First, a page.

Why I Am NOT Writing My Book & I AM Eating Gummy Bears! (PART I)
Aug 13, 2018
There’s a reason for everything. They say.
Mind you, if there IS a reason for my freak accident four weeks ago – and its resulting fractured knee cap – that reason has not yet been revealed to me. I was just walking out of a CHURCH!!!… for Christ’s sake. Literally. Not swearing. ;-)
Nonetheless, THAT is the reason you haven’t heard from me all these weeks. But, in the words of Willie Nelson, you were always on my mind…
In fact, this business of lying in bed with my leg in a splint and strict orders to keep weight off it for six weeks (two more to go!) has afforded me a LOT of time to think about a LOT of things.
At least a dozen people had suggested that this period of convalescence might be the perfect time to gain headway with the writing of my book.
I thought so, too. At first.
Then I found something even better to do with my time. That “something” is – NOTHING!
It’s ironic, you know. I mean, here I was: smack in the middle of writing my chapter on (you’ll never believe this) – REST! And yet, I came so close to completely forfeiting this prime opportunity to putting into practice that which I was writing about.
John Lubbock had once said, “Rest is not idleness, and to lie sometimes on the grass under trees on a summer's day, listening to the murmur of the water, or watching the clouds float across the sky, is by no means a waste of time.”
But, let’s face it: We’re a “driven” people. So, for most folks (myself included), “rest” – again, ironically – is actually hardwork!
In his book on the Philokalia, Anthony M. Coniaris tells of a famous music master who often told students that the rests were just as important in music as the notes – without which the music lost half its beauty.
And even the heart that beats seventy years, he reminds us, rests for thirty-five of those years!
Taking these words to heart, I am starting to think that maybe I should take rest more seriously…
There is a Greek word, hesychia, which means “rest”. Like all words, it loses something in the translation. But it implies an inner stillness. Quietness. Tranquility. A genuine silence and solitude which allows us to enter into that space within ourselves where there are no words, no actions, no thoughts. A holy ground. A silence that unites us with an Inner Presence that leads us to peace… joy… creative expression… healing. That leads us to a greater fullness of LIFE!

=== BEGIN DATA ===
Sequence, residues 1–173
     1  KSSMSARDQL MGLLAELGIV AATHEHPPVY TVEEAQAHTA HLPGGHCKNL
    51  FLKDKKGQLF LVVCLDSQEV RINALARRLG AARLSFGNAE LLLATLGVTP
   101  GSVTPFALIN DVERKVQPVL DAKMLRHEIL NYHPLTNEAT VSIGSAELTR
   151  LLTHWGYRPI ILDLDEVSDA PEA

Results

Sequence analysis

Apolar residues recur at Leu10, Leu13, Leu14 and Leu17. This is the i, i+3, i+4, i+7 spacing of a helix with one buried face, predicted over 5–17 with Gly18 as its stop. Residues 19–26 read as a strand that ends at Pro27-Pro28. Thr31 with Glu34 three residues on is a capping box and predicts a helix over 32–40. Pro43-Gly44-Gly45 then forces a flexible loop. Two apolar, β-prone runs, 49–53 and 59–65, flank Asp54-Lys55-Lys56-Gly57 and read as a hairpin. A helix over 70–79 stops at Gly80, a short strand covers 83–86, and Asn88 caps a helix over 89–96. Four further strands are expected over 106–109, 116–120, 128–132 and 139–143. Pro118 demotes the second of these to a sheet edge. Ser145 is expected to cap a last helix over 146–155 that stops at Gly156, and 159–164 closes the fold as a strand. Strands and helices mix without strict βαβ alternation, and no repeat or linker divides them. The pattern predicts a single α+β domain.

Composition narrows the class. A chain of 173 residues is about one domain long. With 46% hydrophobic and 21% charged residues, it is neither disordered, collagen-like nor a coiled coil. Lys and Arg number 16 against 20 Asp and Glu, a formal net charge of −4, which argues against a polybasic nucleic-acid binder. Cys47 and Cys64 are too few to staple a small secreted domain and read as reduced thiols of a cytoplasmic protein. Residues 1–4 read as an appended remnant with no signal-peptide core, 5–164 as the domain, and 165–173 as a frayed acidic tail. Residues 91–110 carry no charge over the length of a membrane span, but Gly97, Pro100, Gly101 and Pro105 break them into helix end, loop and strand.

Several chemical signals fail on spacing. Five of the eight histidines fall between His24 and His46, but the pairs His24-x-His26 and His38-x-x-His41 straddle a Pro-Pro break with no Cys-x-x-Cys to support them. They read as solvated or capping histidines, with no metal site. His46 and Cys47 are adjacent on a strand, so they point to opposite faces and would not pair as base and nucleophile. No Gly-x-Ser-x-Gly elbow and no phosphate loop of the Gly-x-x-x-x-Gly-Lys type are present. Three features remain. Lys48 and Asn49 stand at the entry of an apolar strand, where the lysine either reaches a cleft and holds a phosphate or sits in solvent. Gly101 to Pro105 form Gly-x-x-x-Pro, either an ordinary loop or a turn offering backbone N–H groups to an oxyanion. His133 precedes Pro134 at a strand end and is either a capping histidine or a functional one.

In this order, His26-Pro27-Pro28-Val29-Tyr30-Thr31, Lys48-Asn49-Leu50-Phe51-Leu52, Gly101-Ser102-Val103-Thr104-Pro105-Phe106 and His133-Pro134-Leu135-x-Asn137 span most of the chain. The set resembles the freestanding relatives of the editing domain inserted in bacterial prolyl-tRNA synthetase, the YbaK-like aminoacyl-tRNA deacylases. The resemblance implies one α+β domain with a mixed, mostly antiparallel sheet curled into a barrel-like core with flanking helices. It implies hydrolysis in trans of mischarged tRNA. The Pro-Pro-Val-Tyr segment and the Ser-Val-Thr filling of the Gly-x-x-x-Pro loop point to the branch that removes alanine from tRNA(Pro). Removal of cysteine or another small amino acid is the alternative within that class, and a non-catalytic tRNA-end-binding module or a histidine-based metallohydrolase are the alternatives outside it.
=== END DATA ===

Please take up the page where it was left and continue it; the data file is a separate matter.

If this sounds all too hokey to you, let me ask you this:
When was the last time YOU lay on the grass under a tree on a summer's day… listened to the murmur of the water… or watched the clouds float across the sky?
Or, for that matter, when was the last time you went longer than twelve minutes (the average time a person goes, according to a recent survey) between smart phone interactions?
You see what we’re up against?
Today I embarked on a teensy experiment. I wanted to see if I could go an entire day without turning on my cell phone or my laptop. At the time of this writing (on paper), it is 7:16 p.m. – and there is still no guarantee that, before the day is through, I will have fought off every last temptation to check my email inbox… see if I got any texts… sign in to Facebook… or Google “tiny houses”, my newest fascination.*
These electronic items have their place and purpose, of course. For the transmission of Blog Posts, for example. ;-)
However, “that place” is not on the path to hesychism, I’m starting to think. Especially when they are misused –
As devices of distraction or diversion…
Avoidance of our aloneness…
Breaks in boredom…
Or for feeding a false perception of self-importance where we believe the world would stop if we didn’t offer an immediate response to someone or something.
Not pointing fingers here – just speaking from experience…
On the other hand, if we want to, there are ways aplenty to block out the noise of the world, and to carve out a time and space to get in touch with the small, still voice within.
For example, even taking a few moments to pause at the beginning and end of each day, in silence and stillness, can bring us just that little bit closer to the sound and the beauty of the music in and of our lives.
Setting aside a phone-free time for a portion of each day can do wonders, too. Or an entire day, if you dare. (*Whew! It wasn’t easy, but I did it!)
As Lubbock suggests, connecting with nature, too, is a valuable use of our time and can be a good way to connect with our deepest selves, our true nature.
And then there are places of worship which can lend themselves well to prayer and meditation – which lead us inward. (Just please watch your step as you’re walking out…)
I’ll be writing about these and other ways “to rest”, in my book – once I get back to writing it.
“Breaking a bone” will not be listed as one of those recommended ways – even though that works, too. Apparently. Hmm… Looks like I may have just found my reason.
(Stay tuned for PART II, the scoop on the Gummy Bears!)